< Low Back & Leg Pain Conditions
Facet Joint Syndrome

Small facet joints lined with cartilage allow spinal vertebrae to bend and twist while controlling the back’s range of motion and stabilizing the spine.

But when age, trauma or degeneration diminish the cartilage, facet joints may become stiff or inflamed, and bones rubbing against each other can develop bone spurs along the facet joint edges. Depending on where the facet joints are located along the spinal cord, patients may experience headaches or pain in the neck or shoulders, the upper to middle back, or the lower back, buttocks and thigh areas.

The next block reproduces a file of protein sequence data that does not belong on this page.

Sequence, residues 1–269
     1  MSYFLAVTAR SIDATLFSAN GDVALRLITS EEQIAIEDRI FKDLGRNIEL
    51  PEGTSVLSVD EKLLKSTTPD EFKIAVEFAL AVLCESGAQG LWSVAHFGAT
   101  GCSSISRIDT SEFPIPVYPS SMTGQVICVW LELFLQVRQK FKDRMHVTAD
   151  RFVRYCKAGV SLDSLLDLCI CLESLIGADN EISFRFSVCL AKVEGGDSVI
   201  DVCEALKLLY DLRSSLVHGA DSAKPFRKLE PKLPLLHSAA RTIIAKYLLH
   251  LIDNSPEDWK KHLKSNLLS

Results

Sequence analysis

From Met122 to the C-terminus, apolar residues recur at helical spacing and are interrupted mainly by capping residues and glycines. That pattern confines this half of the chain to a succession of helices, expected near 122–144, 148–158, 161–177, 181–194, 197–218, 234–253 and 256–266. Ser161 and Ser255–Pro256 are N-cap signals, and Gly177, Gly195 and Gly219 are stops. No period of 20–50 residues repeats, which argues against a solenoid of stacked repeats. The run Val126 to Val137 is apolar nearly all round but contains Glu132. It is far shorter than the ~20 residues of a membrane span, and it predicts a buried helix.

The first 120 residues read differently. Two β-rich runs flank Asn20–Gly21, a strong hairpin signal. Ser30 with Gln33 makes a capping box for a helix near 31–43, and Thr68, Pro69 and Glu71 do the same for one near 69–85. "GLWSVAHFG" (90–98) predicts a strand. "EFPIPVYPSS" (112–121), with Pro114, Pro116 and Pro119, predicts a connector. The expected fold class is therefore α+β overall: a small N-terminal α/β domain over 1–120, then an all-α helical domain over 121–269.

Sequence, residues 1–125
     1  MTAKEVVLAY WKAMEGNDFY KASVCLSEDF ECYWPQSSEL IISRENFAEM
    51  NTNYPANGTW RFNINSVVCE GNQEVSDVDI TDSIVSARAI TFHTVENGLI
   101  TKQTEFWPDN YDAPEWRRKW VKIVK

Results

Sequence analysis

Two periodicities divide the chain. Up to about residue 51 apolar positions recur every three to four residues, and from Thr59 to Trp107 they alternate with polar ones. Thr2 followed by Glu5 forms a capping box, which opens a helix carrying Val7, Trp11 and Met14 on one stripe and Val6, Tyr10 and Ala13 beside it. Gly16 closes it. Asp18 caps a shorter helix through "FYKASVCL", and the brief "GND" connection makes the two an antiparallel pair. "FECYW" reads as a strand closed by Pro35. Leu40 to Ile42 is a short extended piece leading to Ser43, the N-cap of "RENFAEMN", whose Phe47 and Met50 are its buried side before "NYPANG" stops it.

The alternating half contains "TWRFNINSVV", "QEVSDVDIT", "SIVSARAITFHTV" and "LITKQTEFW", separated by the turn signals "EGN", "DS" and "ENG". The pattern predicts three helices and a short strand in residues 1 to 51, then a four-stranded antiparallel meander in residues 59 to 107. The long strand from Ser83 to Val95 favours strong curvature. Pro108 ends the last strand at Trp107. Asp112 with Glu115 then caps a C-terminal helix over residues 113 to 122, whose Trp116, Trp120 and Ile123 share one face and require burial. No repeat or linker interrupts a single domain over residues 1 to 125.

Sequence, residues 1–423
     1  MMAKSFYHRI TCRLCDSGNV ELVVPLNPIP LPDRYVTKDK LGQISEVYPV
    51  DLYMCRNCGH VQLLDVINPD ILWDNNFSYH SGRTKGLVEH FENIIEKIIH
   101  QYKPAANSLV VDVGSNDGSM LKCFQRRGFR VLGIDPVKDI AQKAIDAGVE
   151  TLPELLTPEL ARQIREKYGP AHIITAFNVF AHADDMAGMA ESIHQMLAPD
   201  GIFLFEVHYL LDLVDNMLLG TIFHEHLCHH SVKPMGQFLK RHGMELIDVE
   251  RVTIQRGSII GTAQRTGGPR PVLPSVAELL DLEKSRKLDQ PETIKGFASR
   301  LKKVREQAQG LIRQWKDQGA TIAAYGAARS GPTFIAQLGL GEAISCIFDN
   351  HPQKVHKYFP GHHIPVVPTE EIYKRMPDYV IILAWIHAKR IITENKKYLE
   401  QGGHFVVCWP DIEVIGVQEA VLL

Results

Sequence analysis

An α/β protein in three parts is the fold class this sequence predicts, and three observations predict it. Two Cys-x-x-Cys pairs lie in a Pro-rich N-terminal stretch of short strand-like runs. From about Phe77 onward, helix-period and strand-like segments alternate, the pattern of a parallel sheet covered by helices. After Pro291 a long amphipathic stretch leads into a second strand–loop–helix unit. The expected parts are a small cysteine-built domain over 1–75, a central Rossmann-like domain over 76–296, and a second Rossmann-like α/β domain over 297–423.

A variety of effective pain management strategies can help relieve pain related to facet joint syndrome in the cervical, thoracic or lumbar regions of the spine.